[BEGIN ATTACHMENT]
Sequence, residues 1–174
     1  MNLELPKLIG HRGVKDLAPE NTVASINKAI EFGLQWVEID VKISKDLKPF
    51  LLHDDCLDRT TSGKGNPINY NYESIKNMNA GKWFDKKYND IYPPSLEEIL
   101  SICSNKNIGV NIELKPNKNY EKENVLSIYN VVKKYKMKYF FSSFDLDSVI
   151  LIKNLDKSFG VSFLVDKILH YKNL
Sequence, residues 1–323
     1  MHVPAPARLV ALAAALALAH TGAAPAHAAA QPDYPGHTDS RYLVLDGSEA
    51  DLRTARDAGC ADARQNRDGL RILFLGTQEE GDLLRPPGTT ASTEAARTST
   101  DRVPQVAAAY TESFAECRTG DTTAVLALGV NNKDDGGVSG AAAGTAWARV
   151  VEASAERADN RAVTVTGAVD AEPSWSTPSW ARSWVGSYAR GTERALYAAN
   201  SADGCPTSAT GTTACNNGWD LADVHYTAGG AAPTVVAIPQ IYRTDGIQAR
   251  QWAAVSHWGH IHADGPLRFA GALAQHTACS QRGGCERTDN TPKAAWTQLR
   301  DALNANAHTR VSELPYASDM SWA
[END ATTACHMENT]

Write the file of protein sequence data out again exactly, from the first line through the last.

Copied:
Sequence, residues 1–174
     1  MNLELPKLIG HRGVKDLAPE NTVASINKAI EFGLQWVEID VKISKDLKPF
    51  LLHDDCLDRT TSGKGNPINY NYESIKNMNA GKWFDKKYND IYPPSLEEIL
   101  SICSNKNIGV NIELKPNKNY EKENVLSIYN VVKKYKMKYF FSSFDLDSVI
   151  LIKNLDKSFG VSFLVDKILH YKNL
Sequence, residues 1–323
     1  MHVPAPARLV ALAAALALAH TGAAPAHAAA QPDYPGHTDS RYLVLDGSEA
    51  DLRTARDAGC ADARQNRDGL RILFLGTQEE GDLLRPPGTT ASTEAARTST
   101  DRVPQVAAAY TESFAECRTG DTTAVLALGV NNKDDGGVSG AAAGTAWARV
   151  VEASAERADN RAVTVTGAVD AEPSWSTPSW ARSWVGSYAR GTERALYAAN
   201  SADGCPTSAT GTTACNNGWD LADVHYTAGG AAPTVVAIPQ IYRTDGIQAR
   251  QWAAVSHWGH IHADGPLRFA GALAQHTACS QRGGCERTDN TPKAAWTQLR
   301  DALNANAHTR VSELPYASDM SWA